Like most members of the Corydoras genus, these catfish have a unique method of coping with the low oxygen content that prevails in such environments. In addition to utilizing their gills like any other fish, they can come to the surface of the water and draw air in through their mouth. This air is then absorbed through the wall of the intestine and any surplus air is expelled through the vent. The eggs exhibit a unique surface pattern with small villi-like bumps which resemble attaching-filaments of teleost eggs. These structures allow the eggs to be adhesive and stick to a specific place or to each other. The presence of these structures may be related to the turbid habitat in which this species lives. Corydoras have a very sharp barb just under each eye, one in the adipose and a large one in the front of their dorsal fin. These barbs protect it from being swallowed by a larger fish. In the aquarium be prepared for the cory to become caught up in the mesh of the net and do not try to catch this fish in your hand. Bronze catfish are armored not scaled catfish. They have two rows of overlapping bony plates running down each side and large plates covering their head, great protection from predators. Known to ‘blink’ its eyes to the amazement of onlookers, the Cory has the ability to tilt its eye down to examine the nearby substrate.

Special Interests

The name Corydoras is derived from the Greek ‘kory’ (helmet) and ‘doras’ (skin). Other common names include green corydoras, bronze cory cat, aeneus cat, bronze cory, brown cory, albino cory, gold laser cory, and green laser cory. Scientific synonyms include Callichthys aeneus, Corydoras macrosteus, Corydoras microps, Corydoras venezuelanus, Hoplosoma aeneum. Bronze catfish are very popular amongst aquarists. They ceaselessly comb the bottom of the aquarium for food and therefore disturb it slightly, sending up detritus and waste material that has settled loosely on the bottom. Due to their social nature, they prefer being kept in groups of 5 or more and are ideal fish for a community tank. Other Corydoras species can be placed in the same aquarium, and despite the strong resemblance many species bear to one another, the species will tend to separate out and only move about among their own kind. In the aquarium, the ideal environment is freshwater with no salt added at a pH 6 – 8, temperature 72°F - 81°F (22°C - 26°C), and hardness 5dH – 19 dH. Corydoras aeneus has been selectively bred in captivity for many generations, and mutations of the standard type are common. An albino form is extremely widespread, more common in shops than most other actual species of Corydoras. Other existing manmade variants are longfin forms of the normal and albino colorations, squat and fat “balloon” fish, and artificially dyed or “tattooed” catfish. Wild variants include C. aeneus with gold, orange, green, or red neon shoulder stripes, and black or gold.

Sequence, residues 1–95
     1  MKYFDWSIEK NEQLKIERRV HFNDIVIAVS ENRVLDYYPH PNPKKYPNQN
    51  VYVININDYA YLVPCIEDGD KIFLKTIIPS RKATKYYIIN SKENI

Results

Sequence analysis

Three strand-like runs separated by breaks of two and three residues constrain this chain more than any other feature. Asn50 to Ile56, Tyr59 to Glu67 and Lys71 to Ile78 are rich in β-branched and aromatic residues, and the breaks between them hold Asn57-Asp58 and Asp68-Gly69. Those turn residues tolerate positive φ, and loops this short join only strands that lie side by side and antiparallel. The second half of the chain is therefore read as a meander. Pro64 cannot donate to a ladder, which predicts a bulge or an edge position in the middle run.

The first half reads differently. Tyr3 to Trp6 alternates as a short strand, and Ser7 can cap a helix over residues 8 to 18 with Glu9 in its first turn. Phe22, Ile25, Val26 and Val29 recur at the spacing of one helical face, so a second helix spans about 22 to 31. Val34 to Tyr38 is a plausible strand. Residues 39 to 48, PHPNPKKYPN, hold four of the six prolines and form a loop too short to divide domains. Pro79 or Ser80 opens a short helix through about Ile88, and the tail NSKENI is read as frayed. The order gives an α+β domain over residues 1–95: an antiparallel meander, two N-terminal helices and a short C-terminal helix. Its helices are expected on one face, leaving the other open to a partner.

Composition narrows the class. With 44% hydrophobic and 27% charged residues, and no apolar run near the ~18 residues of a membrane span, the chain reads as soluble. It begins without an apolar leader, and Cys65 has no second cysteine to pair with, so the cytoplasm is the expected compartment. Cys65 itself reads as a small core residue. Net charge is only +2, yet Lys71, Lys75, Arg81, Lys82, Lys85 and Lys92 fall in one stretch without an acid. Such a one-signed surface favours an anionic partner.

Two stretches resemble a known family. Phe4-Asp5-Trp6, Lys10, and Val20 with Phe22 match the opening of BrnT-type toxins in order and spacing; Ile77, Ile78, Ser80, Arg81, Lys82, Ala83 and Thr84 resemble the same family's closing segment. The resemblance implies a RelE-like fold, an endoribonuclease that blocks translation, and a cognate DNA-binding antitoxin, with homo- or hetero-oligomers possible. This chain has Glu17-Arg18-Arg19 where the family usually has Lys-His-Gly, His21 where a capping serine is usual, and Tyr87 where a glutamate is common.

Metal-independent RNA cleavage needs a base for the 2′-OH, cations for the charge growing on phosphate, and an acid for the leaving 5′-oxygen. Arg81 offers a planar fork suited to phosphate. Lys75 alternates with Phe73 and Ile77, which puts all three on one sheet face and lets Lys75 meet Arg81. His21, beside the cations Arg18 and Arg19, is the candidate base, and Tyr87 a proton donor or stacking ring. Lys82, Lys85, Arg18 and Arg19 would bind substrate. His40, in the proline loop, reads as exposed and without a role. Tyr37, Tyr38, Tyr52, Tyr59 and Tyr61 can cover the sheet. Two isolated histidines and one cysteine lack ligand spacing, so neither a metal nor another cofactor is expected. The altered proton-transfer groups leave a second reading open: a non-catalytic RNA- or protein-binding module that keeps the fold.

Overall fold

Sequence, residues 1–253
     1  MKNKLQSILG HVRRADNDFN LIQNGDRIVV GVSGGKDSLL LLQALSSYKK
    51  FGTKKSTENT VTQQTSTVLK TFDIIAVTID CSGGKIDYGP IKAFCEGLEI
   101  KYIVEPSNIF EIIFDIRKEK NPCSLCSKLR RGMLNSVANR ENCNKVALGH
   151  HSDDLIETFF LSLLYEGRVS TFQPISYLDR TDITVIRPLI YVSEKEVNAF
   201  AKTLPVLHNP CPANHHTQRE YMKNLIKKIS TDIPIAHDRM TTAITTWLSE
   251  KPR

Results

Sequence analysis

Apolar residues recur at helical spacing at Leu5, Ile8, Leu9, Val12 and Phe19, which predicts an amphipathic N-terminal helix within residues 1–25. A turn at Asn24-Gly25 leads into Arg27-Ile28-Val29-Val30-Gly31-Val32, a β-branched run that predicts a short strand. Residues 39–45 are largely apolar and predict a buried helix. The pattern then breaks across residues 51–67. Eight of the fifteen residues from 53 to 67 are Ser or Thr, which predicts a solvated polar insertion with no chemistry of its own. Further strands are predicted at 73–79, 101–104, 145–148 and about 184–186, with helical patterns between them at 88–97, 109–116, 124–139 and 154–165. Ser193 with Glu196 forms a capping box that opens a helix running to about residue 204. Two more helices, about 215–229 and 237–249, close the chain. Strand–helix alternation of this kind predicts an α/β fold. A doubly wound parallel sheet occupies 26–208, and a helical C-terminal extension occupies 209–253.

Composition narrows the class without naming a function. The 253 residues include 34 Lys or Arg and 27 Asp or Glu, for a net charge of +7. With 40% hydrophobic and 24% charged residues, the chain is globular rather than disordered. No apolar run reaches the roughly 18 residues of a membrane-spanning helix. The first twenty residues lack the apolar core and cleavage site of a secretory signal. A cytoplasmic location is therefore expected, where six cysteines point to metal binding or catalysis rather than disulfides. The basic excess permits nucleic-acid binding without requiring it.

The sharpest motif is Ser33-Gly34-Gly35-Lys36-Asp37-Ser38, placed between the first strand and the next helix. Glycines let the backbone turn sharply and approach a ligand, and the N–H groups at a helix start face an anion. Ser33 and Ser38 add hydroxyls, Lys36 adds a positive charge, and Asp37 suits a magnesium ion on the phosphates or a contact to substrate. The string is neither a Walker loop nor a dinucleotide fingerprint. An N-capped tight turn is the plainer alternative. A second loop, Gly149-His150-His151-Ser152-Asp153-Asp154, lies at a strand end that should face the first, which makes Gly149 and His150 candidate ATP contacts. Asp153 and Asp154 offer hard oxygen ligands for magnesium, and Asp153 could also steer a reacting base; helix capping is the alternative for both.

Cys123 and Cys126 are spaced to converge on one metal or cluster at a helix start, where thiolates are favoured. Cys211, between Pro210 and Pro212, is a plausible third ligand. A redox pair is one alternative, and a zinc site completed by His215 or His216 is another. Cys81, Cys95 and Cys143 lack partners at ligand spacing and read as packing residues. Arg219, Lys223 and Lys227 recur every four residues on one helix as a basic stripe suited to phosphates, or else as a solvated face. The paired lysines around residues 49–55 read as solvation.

Bronze catfish are probably the most popular Corydoras species. It is annually bred and shipped in large quantities all over the world. It is easily bred and is produced in commercial quantities in the United States, Europe, and Singapore. Most of the available fish are therefore domestic strains. Wild imports are reported to be less easy to breed.

Jacksonville Zoo History

The Jacksonville Zoo held bronze catfish from 1992-2000 and then brought them back again in 2005.